As reports of the newest Covid-19 variant, Omicron, continue to appear in the media, many states, along with the federal government and numerous foreign governments, have renewed pleas for people to continue wearing masks in indoor spaces, socially distance and gather in groups responsibly, and obtain booster vaccinations against Covid-19.
While it is too early to know the virulence of this new variant compared to the now dominant Delta variant here in the United States, early reports indicate that Omicron may be more infectious and able to transmit rapidly from person to person. In addition, it appears possible that the two-dose series of Pfizer and Moderna mRNA vaccinations and single dose regimen produced by Johnson and Johnson, while still protecting significantly against serious illness and death, could be less effective against this newest variant as the virus continues its evolutionary march through mutations.
Part of this decreased effectiveness of the initial vaccination series may simply represent what we already knew: that the initial antibody response wanes over time, particularly for those who received the Johnson and Johnson vaccine alone. Part of it is likely due to the above-named mutations, which make it easier for the virus to evade a given person’s less robust antibody level.
In discussions with patients, it seems that few people who exuberantly received the initial vaccines need much encouragement or explanation when it comes to seeking out a booster. However, some people still express hesitation at being vaccinated altogether, and the most common reason seems to be concerns that the risks of the vaccinations somehow outweigh either the risk to the individual him or herself from being infected with Covid-19 or the risk to communities by allowing continued spread of the virus.
I’ve spent significant time in this column previously highlighting the extraordinarily low risk of the Covid-19 vaccines to anyone who does not have a documented history of anaphylactic reaction to one of the vaccine ingredients (an overwhelmingly low occurrence). With over 450 million doses of the vaccines administered in the United States to date, this continues to be definitively true, especially when we consider risk in this context to mean lasting harm or damage from the vaccine.
For context, I often ask patients to consider the other activities they participate in during day-to-day life without considering such complicated statistics. For example, while comparative statistics are fraught with difficulties in terms of comparing apples to oranges, the risk of dying from a car crash in 2019 was about 1 in 8,393 according to the National Security Council.
Comparatively, the Vaccine Adverse Event Reporting System, which the Centers for Disease Control uses to allow reports of adverse events after vaccinations, notes a little over 12,000 reported deaths after Covid-19 vaccination. These deaths, which are reported by users of the system, can be due to multiple causes and are not necessarily causally due to the Covid-19 vaccinations. To my knowledge, there are no definitive reports of death after vaccination by an mRNA vaccine in the United States, although the above data still require ongoing study. There are a handful of such cases reported in the worldwide literature, and six cases noted by the C.D.C. after Johnson and Johnson vaccinations.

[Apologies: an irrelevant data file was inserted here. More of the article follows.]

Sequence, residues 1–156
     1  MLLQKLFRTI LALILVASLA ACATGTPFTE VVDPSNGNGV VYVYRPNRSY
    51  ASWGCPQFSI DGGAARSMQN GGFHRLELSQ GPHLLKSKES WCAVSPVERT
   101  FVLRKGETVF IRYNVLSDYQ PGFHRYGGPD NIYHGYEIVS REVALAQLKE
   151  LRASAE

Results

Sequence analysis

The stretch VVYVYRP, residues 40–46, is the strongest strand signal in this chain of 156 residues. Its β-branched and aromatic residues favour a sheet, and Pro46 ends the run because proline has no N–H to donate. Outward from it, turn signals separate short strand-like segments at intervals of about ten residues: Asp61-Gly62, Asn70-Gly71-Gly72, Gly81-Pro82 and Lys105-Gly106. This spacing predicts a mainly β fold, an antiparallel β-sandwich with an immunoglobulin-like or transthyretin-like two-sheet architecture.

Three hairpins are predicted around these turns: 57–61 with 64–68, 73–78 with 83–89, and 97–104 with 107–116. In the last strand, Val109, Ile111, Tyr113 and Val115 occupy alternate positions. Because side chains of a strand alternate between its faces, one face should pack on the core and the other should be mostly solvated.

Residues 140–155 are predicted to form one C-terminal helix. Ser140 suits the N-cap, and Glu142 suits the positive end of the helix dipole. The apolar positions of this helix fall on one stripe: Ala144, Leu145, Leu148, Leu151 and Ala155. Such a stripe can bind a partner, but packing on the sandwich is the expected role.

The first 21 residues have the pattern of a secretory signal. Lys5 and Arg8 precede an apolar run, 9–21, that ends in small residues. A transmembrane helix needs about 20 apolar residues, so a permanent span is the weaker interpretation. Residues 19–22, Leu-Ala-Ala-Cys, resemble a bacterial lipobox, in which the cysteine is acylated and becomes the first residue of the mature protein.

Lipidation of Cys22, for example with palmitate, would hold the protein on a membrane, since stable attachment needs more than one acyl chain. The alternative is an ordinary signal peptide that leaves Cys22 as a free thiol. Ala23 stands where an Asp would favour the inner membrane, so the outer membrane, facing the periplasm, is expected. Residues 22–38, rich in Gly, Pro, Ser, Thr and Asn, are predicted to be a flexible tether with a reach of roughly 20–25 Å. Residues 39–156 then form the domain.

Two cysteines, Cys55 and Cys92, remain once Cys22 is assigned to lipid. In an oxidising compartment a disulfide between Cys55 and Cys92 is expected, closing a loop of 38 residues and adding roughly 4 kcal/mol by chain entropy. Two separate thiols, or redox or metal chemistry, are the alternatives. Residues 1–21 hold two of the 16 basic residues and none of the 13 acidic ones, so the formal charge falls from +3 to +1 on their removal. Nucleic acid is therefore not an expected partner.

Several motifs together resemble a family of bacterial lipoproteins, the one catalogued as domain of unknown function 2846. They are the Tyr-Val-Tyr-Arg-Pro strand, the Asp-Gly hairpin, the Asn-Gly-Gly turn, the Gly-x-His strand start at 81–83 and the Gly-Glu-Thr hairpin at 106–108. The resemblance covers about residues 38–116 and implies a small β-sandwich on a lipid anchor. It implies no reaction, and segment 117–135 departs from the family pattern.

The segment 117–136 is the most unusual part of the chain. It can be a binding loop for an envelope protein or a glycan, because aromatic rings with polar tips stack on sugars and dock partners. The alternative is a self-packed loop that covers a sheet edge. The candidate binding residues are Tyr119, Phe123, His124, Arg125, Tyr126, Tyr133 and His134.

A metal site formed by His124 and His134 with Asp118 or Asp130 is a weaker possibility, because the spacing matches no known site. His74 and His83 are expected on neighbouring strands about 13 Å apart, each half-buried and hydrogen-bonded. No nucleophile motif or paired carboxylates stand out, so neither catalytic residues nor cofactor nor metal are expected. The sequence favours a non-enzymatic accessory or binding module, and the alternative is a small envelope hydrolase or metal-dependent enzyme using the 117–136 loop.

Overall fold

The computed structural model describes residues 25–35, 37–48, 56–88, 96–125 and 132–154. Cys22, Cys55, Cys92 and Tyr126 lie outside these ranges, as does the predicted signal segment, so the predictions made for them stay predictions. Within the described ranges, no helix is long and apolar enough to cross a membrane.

Even if a definitive case of death due to mRNA vaccine occurred, however, consider the odds compared to dying in a car accident in a given year: The above likely vastly-overestimated vaccine-reported deaths — 12,000 per 450 million (which will almost definitively not be the truth when the data are analyzed fully) — come out to a risk of about .00002 percent, or 1/50,000. Even that likely massively overstated risk is still drastically less than some things we do on a daily basis with very little concern.
On the other hand, over 800,000 people have died from Covid-19 or complications from it here in the United States since the pandemic began, roughly 1 out every 500 people.
The numbers seem straightforward, to me at least. We wear seatbelts when we drive, wash our hands when we handle raw food, and we should absolutely continue wearing masks and vaccinating according to the best recommendations provided by experts. To do otherwise is to accept a level of risk — not only for ourselves but also the least vulnerable among us — that is simply unacceptable.
As you gather with loved ones this holiday season, I hope you’ll all consider doing everything you can to keep yourselves and your friends and families safe.
Joshua Potter, D.O., a physician with Stony Brook Southampton Hospital’s Meeting House Lane Medical Practice, oversees the practice’s Shelter Island office. He specializes in family and neuromusculoskeletal medicine. Opinions expressed in this column are his personal and professional views and not necessarily those of his employer.